Only your employees are ready for the future
March 31, 2016
Organizations deal with crises and disruptions in a dictatorial manner. Middle management is thrown out, the top is replaced and costs are cut. But repeated dieting results in an anorexia patient. If the business keeps on picking up, then you will have no more fat left on your bones to go along with changes. Prof. Dr. Toni Sfirtsis, associate professor at TIAS, sketches a better way: humanizing business.
The market is a racetrack. You never know who is joining the race (who the competitor is) and who is leaving it. It is an unpredictable situation. At the same time, we want to respray our racing car (we are looking for a new business model).
Who will survive? Those who are the most adaptable and innovative. It demands courage to release the grip, something that not many companies are able to do. Henri Fayol (1907) defines management as: "To manage is to forecast and to plan, to organise, to command, to co-ordinate and to control". This one hundred year-old definition dates from the industrial revolution! And yet it is still standard practice in companies.
Punishments and rewards
The organization of mainstream companies is nearly always based on command & control. A manager logs in and the first thing he sees is a dashboard with red and green flags. This defeats the object. A management dashboard is useful when it is used for what it was originally designed: to learn, not to call to account. Companies have still not got beyond the punishments and rewards stage. While all the research shows that bonuses and wage increases are counterproductive.
W. Edwards Deming argues: "94 percent of quality problems in companies are caused by the system, not by the employees". So what happens if we release the grip?
The Morning Star Company in California, the world's biggest tomato grower, has opted for what they call "self-management": “We have no boss.” Instead, employees decide for themselves. Every year each employee indicates his or her contribution to the organization and signs a contract. So making a contribution is an option, based on your experience, age and ambitions. However, the contribution is expected to increase each year and so to become more challenging. Employees assess and reward each other. The lack of time-consuming bureaucratic processes in taking decisions makes The Morning Star Company exceptionally flexible.
As a manager, you will now naturally have your doubts. How do you shape that freedom? Who is responsible for what? How do you create such a culture of accountability? That takes time. One of the hurdles is fear. Steps like this involve a fundamental change. Change happens as soon as behavior has changed, not earlier. You don't achieve that in a year. Not only the leaders need to get used to this, but also the "followers". They often find it convenient if someone else takes the decisions.
And that is the crux of the matter. With self-management, there is no owner to hide behind. To be able to say to the other: "But you took the decision". It is scary to devolve responsibility and – another step further – ownership. But this type of organization does perform better.
From an HRM viewpoint, that is easy to explain. In his book "Drive", Daniel Pink describes what motivates employees and makes them happy. These are the three most important factors:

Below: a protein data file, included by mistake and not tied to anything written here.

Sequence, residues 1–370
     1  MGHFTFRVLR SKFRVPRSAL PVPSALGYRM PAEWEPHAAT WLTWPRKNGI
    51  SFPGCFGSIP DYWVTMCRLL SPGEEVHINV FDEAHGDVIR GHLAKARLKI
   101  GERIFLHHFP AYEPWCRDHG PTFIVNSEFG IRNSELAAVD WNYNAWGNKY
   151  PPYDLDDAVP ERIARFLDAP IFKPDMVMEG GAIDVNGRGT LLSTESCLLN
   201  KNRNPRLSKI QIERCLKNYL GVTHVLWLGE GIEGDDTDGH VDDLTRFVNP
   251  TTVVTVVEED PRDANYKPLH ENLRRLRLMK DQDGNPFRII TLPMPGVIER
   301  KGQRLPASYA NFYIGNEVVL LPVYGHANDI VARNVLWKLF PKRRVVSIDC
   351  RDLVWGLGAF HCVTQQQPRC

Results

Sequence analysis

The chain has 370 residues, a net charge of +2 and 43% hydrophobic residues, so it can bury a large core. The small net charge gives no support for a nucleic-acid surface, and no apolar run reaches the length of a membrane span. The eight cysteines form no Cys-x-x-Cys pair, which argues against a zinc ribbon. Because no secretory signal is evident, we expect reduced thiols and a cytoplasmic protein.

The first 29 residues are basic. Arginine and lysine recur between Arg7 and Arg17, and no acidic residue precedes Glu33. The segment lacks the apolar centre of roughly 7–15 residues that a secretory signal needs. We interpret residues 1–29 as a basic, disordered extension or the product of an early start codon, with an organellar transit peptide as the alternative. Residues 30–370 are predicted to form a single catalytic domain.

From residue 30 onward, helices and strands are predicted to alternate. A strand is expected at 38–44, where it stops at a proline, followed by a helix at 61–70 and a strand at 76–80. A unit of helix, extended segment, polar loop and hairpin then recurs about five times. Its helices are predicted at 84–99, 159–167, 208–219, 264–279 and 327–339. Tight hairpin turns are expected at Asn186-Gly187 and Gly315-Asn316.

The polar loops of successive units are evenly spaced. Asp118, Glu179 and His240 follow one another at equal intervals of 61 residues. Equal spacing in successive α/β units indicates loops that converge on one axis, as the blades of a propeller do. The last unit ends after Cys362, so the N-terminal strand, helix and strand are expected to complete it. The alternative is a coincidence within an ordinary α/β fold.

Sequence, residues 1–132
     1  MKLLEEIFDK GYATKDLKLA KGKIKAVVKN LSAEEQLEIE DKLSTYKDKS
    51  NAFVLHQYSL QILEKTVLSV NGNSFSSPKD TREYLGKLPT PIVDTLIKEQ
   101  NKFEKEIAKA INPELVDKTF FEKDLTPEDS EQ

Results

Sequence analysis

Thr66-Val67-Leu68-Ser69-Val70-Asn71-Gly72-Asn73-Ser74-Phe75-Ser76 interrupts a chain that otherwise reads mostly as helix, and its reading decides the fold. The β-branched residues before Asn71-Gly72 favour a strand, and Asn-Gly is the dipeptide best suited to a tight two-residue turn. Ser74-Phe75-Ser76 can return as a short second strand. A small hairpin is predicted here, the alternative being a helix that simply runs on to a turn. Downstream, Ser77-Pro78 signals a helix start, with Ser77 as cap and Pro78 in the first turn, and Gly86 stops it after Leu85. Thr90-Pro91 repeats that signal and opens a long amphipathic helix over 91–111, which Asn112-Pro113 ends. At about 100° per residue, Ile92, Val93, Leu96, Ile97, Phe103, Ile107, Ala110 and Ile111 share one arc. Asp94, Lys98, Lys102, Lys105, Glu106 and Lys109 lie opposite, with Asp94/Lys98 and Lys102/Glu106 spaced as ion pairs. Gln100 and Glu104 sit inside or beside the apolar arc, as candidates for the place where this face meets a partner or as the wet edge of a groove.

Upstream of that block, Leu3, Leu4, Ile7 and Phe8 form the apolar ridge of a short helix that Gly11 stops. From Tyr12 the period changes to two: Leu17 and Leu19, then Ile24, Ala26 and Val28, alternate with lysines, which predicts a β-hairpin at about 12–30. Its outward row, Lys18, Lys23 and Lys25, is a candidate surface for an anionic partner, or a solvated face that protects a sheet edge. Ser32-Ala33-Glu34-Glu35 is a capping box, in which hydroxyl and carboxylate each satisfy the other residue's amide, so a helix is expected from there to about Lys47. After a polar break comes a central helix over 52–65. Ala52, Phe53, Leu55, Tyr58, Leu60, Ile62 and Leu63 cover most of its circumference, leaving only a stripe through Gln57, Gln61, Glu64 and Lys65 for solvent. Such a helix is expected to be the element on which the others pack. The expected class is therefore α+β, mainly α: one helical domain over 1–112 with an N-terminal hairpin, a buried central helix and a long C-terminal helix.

- Autonomy: give people the room to make their own choices as to how to organize their work, to get a grip on it themselves.
- Mastery: an employee must be able to grow. In professional services, the bottom layer is often completely obsolete and hollowed out. That is a shame.
- Purpose: do I matter? The organization plays a very fundamental role here.
Professionals are proud of what they do. That is the source of their involvement with the organization. If a manager assigns them something, then they simply show him what he wants to see. And in the meantime they still do what they themselves think is best. Why not stimulate them in this? A successful company demands other competences from its employees than you might think:
- Intellect: 15% Commitment: 5% Obedience: -
- Passion: 35% Creativity: 25% Inventiveness: 20%
But to give professionals room to develop themselves, to work with enthusiasm and to act according to their own discretion, you need to shift the command and control. That demands confidence of the management to give people freedom and not only to give them responsibilities but also powers. To let them experiment and take decisions independently.
How do you take the first step here? It is crucial to no longer think in terms of positions but in terms of roles. Start small, just as with any normal change process. Choose a department, for instance marketing, with which you can take steps and demonstrate the project. Because you will have to be able to demonstrate the effects. Then at some given moment it will start to reverberate.
Here are a number of recommendations to retain success in the future too:
- Be scalable. Everyone defines his own contribution. Google, a project organization with a small core, is a good example.
- Added value: you need and must allow activism. Employees must be able to ask: why are we doing this?
- Collaboration: actually conduct a dialog with colleagues. Most people are unable to do this.
- Chance: accept that you cannot predict everything, increase your organization's problem-solving ability.
- Trust: if it isn't there, the rest will be a sham.
Ultimately, the question is not what type of organization is ready for the future. The only factor which is really agile, fit for the future, are the people. You have to start there. We need to make business more human: humanizing business.
About the author:
Prof. Dr. Toni Sfirtsis is expert in the field of strategic, management and business innovation and future leadership. Toni is associate professor at TIAS School for Business and Society.